culties meeting his deadlines.
Michelinie also experienced edi-
torial problems: “In producing the
book, there were a number of
frustrations due to irreconcilable
differences between myself and cer-
tain members of the editorial staff.
“Bozz Chronicles is not neces-
sarily dead, but as of right now, the
regular series is over.”
Michelinie really likes Bozz and
Mandy Flynn (whose Cockney
speech patterns were based on
Fulucating Rita’s Julie Walters), and
hopes to use them again in a special
or a graphic novel. “Bob Layton
informs me that Barry Windsor-
Smith likes the characters and would
like to draw a Bozz story.”
Yeah, I can totally see that Blevins would get hired to do better-paying gigs than this book. But I wonder who those “certain members of the editorial staff” Michelinie had problems with were.
RA Jones writes in Amazing Heroes #84, page 54
In her relationship with Bozz, she
seems to achieve the balance that
would fulfill the fantasy of many a
human male—being both madonna
and whore; serving as soulmate
without stifling. As she is worldly
wise, Borz is W’ide-eyed innocence
reversal of roles that is refreshing
and rare in a comic book.
After seemingly doing little more
than work from other people’s plots
in recent months, David Michelinie
haq produced one of his better solo
efforts here. His attempt to capture
the various idiosyncrasies of the Brit-
ish dialect succeed better than most,
presenting dialogue that at least
sounds right to my American ears. It
enhances the charm of Mandy
I was somewhat surprised by the
visual job done by artist Bret Blevins.
The graphics here far surpass those
I have seen from him in the past. In
those panels where it is at its very
best, his art conjures up memories
of the early work of such names as
Kaluta, Jones and Wrightson.
Blevins has also added another
dimension to Bozz. His portrayal of
Mandy is what one might expect—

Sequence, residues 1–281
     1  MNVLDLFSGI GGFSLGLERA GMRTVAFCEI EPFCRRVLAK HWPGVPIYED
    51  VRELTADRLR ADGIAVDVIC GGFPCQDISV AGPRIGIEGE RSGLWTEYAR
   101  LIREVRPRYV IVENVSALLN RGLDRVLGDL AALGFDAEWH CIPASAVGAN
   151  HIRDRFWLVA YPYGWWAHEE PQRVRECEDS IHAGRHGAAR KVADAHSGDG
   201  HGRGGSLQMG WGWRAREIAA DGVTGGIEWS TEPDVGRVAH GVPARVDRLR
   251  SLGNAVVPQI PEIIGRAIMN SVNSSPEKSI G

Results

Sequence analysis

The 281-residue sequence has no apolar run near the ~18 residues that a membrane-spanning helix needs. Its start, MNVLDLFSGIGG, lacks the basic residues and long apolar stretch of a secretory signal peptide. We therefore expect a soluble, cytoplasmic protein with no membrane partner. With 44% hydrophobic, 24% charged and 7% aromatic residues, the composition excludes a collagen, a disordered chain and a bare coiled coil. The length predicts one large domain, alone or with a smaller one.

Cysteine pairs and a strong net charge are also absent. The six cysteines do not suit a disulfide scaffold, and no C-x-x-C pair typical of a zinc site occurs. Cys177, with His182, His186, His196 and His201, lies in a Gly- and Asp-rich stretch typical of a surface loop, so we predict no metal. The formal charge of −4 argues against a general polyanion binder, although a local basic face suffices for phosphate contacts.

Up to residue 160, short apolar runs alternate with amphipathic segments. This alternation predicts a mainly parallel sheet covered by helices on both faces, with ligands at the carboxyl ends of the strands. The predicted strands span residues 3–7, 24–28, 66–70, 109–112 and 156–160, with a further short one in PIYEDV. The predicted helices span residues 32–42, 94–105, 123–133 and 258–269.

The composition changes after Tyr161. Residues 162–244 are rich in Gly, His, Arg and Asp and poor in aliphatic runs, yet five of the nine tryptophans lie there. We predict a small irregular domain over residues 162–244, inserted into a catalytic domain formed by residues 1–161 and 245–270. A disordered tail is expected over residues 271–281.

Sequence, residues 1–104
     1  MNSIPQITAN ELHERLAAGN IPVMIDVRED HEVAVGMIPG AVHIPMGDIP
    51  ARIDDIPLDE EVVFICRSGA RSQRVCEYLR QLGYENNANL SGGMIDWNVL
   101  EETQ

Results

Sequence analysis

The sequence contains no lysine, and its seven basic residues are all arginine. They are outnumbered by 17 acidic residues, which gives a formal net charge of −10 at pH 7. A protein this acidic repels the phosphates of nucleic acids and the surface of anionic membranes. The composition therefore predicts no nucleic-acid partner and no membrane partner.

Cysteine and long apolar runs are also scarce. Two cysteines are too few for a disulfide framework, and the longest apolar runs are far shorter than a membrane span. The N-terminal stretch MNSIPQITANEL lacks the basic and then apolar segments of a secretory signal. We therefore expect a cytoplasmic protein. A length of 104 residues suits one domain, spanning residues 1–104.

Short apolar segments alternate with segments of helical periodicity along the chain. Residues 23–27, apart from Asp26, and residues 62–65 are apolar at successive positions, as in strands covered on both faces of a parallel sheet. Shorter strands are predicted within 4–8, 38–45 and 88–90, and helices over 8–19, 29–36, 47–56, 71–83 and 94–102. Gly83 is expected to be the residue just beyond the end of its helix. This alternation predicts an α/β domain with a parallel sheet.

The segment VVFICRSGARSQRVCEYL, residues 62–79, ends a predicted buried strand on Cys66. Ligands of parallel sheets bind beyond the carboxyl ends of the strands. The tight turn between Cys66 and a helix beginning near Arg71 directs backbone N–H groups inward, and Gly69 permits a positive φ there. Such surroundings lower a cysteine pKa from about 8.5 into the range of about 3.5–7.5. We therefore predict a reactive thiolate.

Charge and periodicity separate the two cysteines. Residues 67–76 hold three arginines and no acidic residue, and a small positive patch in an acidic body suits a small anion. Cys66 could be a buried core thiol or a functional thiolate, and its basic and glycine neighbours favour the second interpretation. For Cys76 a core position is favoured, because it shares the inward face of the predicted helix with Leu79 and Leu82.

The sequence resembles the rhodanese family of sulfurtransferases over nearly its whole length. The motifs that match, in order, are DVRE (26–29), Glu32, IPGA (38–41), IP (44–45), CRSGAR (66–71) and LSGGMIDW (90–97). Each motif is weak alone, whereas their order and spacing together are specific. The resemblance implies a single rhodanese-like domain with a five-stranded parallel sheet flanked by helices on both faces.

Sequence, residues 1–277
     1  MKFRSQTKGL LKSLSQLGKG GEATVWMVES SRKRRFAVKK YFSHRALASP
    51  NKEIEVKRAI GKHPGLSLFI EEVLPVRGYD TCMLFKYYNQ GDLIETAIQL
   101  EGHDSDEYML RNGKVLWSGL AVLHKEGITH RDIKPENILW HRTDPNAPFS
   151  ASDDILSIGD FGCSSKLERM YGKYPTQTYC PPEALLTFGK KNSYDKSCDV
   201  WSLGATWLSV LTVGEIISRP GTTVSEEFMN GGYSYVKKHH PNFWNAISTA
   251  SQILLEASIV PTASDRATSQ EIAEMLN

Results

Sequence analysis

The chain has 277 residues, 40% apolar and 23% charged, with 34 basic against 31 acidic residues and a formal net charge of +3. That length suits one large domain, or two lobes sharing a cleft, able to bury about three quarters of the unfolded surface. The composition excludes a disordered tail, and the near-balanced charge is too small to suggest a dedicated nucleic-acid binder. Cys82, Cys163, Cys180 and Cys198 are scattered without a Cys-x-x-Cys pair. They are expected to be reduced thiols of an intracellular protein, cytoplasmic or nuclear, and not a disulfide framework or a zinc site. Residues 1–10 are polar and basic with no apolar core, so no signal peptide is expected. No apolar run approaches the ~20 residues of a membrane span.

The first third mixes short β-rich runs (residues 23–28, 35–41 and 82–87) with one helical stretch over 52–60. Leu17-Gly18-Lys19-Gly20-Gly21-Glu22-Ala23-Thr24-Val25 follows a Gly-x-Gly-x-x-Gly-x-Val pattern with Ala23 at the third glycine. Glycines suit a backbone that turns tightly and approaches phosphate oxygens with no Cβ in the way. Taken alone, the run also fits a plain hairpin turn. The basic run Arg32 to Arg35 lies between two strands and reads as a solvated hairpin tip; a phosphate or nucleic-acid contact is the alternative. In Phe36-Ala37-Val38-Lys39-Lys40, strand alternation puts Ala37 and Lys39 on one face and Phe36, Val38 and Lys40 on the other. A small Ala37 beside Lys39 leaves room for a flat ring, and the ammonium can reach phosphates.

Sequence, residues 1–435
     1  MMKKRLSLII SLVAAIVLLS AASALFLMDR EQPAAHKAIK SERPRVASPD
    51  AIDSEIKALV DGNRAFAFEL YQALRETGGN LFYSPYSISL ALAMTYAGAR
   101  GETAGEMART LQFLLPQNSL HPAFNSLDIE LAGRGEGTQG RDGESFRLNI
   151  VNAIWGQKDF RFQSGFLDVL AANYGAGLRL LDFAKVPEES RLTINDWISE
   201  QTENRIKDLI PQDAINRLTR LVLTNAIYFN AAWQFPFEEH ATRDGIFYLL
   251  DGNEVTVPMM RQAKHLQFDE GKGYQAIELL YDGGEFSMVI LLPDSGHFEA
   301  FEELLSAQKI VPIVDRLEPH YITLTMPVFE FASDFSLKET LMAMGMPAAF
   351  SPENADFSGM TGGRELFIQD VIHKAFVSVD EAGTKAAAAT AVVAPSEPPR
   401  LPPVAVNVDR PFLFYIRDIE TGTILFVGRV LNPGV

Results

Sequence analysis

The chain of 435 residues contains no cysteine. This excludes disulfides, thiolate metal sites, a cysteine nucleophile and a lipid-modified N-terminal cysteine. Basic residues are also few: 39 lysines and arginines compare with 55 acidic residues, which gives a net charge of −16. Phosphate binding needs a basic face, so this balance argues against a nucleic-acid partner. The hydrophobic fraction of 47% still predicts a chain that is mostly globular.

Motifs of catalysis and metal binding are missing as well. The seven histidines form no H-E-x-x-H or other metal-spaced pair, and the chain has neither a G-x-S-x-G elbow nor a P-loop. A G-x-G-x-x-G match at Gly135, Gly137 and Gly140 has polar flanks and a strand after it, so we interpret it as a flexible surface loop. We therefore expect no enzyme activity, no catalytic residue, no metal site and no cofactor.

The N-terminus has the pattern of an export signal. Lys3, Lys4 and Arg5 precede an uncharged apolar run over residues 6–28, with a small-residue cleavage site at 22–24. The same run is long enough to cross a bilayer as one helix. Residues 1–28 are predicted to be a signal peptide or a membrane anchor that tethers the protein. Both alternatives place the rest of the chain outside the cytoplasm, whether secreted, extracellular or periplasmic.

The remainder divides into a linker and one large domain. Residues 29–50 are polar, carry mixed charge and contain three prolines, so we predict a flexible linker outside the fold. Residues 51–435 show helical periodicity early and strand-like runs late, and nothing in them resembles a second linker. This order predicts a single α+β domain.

a beautiful, shapely woman bound
to stir the blood of most males. Bozz,
on the other hand, has a pointed
head, triple chin, and bloated belly.
If one WdS to judge solely by the
script, it would be believ«i that Man-
dy is attracted to him simply because
of his enlarged genitaliae But Blevins
gives him more than this. With his
wdif-like eyes and his tiny, pouting,
almost feminine mouth—the alien
Bozz is one of the most visually sen-
sual male charaders I have ewr seen
in a comic. Thus, the relationship
between Mandy and Bozz takes on
new depth—it has many levels, pre-
sented through both script and art.
While the plot itself is no great
tredqure, the interplay between Man-
dy and Bozz is appealing enough for
me to recommend that you sample
The Bozz Chronicles.
Er, uhm, OK. Sensual. OK.
A collected edition was released in 2015 from Dover.
Final Verdict: 8.0 – Given a new lease on life from a sharp-eyed publisher, “The Bozz Chronicles” marries engaging characters and Victorian-era strange case sleuthing with early art by one of the most overlooked draftsmen in modern comics.
And though the charms of and bond between Mandy, Bozz, and Salem will force you to return to this series, the mysteries, while serving primarily as a framework for character development, contain outstanding imagination and just plain fun with a dash of magic.